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Creator of Freeman's Mind launches campaign against destroying games

Last posted Apr 05, 2024 at 12:30PM EDT. Added Apr 02, 2024 at 04:46PM EDT
5 posts from 5 users

I'm a long-time follower of Ross Scott, the creator of Freeman's Mind (though I mainly follow him for his Game Dungeon series), and today he uploaded a video announcing the launch of a campaign he's been building for several months to try and fight the issue of publishers shutting down games in a way that completely revokes access from the end user, along with launching a website for his cause.

Ross's campaign website (Stop Killing Games)

This is the kind of video game activism that I'm glad people are still doing, and one that hits pretty close to home since I myself have a few games that I can't play due to them requiring a central server (Loadout is the one that comes to mind) and am generally against the practice of retroactively revoking access to a good that was paid for in full, but as I'm based in the US, my options for taking action on this campaign are pretty limited.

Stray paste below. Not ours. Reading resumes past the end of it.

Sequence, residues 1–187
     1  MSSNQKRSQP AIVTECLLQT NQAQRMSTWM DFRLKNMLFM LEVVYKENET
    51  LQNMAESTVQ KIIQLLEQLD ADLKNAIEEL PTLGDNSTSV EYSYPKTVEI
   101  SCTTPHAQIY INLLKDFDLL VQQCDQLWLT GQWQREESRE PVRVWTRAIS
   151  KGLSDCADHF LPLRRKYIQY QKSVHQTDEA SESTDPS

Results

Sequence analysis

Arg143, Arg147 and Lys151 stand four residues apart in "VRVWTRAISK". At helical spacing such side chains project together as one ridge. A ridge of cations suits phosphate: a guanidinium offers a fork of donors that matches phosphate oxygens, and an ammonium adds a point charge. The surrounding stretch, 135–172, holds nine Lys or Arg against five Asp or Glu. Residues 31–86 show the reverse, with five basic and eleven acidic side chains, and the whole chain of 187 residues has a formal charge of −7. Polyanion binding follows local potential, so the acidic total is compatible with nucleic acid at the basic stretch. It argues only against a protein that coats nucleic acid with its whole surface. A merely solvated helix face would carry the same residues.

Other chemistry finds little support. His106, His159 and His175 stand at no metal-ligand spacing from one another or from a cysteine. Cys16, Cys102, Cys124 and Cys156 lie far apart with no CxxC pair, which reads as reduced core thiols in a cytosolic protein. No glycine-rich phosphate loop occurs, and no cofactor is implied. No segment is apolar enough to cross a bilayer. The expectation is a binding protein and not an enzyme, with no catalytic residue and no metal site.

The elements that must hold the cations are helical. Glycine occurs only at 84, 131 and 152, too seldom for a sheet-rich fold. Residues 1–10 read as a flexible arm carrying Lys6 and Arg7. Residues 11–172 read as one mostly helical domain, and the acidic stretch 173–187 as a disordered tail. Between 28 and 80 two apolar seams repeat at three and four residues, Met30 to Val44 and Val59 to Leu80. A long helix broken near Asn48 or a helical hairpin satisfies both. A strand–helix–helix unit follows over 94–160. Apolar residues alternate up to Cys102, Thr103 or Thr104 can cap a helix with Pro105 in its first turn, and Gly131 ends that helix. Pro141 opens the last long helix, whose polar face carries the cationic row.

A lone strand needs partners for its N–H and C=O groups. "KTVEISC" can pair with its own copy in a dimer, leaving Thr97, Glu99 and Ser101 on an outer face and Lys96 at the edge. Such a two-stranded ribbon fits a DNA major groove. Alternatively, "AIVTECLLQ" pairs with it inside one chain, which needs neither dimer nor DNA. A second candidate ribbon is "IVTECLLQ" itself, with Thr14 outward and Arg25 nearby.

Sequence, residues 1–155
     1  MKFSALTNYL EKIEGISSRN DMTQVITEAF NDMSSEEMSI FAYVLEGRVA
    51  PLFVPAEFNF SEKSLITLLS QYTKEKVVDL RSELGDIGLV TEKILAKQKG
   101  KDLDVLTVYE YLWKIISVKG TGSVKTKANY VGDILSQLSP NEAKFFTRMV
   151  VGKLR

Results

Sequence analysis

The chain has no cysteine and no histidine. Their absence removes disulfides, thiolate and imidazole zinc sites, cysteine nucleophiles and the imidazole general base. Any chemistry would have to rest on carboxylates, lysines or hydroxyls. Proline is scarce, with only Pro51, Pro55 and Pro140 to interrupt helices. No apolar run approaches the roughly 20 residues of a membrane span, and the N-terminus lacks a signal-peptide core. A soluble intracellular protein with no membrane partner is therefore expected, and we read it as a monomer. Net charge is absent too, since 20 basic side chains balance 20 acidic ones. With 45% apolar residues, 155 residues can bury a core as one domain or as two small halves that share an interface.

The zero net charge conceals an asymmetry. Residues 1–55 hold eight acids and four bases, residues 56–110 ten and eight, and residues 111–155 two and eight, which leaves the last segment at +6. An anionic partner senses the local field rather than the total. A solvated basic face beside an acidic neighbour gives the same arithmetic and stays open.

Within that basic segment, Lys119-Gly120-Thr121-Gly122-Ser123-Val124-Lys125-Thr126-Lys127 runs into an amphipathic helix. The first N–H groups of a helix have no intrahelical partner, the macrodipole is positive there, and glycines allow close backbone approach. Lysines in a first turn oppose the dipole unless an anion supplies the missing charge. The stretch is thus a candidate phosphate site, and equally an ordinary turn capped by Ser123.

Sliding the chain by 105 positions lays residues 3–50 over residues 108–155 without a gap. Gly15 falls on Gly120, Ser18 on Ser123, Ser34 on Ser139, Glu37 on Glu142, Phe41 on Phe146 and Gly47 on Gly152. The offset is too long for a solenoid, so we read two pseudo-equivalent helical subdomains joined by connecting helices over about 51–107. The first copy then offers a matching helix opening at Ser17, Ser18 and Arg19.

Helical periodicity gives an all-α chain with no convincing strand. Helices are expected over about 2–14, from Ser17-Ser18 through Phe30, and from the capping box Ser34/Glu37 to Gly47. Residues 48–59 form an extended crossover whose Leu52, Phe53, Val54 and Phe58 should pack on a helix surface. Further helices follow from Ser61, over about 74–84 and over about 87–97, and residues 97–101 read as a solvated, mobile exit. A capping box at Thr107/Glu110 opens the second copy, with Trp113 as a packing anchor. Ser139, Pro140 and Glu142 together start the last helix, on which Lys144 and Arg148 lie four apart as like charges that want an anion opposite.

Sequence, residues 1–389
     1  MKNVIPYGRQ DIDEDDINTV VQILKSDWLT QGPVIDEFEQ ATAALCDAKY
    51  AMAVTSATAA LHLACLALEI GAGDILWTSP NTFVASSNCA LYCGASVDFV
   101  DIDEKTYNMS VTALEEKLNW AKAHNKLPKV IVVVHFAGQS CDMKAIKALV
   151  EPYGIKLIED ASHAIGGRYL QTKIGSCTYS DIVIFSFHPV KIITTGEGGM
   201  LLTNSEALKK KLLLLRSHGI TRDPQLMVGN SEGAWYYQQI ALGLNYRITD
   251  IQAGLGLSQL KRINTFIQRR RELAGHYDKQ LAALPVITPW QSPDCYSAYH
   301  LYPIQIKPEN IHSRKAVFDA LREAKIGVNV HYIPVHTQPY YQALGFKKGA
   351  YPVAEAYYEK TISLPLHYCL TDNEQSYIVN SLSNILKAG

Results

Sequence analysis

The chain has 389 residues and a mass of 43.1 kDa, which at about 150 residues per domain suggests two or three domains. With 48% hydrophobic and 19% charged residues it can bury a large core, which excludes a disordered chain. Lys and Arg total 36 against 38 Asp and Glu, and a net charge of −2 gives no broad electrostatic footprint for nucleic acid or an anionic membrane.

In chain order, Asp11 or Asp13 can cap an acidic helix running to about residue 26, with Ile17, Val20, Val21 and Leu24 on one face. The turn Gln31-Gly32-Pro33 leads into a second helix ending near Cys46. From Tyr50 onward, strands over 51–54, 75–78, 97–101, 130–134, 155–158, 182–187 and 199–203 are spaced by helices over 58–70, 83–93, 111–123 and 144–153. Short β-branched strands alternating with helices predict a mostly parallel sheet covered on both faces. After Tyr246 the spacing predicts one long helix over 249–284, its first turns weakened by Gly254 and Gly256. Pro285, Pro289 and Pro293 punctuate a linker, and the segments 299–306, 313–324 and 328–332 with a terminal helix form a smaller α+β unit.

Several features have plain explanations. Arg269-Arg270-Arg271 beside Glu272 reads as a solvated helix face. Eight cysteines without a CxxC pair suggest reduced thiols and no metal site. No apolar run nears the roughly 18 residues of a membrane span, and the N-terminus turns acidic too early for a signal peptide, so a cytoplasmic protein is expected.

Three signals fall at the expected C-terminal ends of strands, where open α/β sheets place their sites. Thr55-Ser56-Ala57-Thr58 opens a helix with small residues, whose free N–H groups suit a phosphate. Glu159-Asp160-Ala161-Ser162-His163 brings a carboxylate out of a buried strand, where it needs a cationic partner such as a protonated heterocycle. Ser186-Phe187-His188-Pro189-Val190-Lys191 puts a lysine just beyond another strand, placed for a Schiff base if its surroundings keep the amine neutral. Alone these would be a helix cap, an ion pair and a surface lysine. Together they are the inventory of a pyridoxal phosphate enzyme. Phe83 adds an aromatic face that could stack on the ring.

I don't do this kind of shilling often, but I strongly encourage KYM users based in the UK, France, Germany, any other EU countries, Canada, Australia, or Brazil to check out the website and take any steps they can to help this campaign.

Last edited Apr 02, 2024 at 04:53PM EDT

Pretty much every game needs to have an ability to play offline, I'm really annoyed by this whole "an internet connection is needed for literally everything" shit. Like take Call of Duty, if all I want to play is the single player campaign then it shouldn't matter if I'm offline. Same deal with something like FromSoft's RPGs, the ability to see player messages when connected online is neat, but the fact I can play offline and all I really lose is player messages and inconvenient invasions is fine by me.

I saw comments on the main page bringing up free-to-play games that have been discontinued, and I do agree it sucks said games got shut down, but I do feel it's going to be hard to try and convince lawmakers with F2P games specifically as I already know the biggest response from suits would be "the games were free to download and any monetary spending was completely optional." I feel a much stronger case can be maintained if we mainly strive for a change for games that do explicitly ask the consumer to purchase the game first in order to play it.

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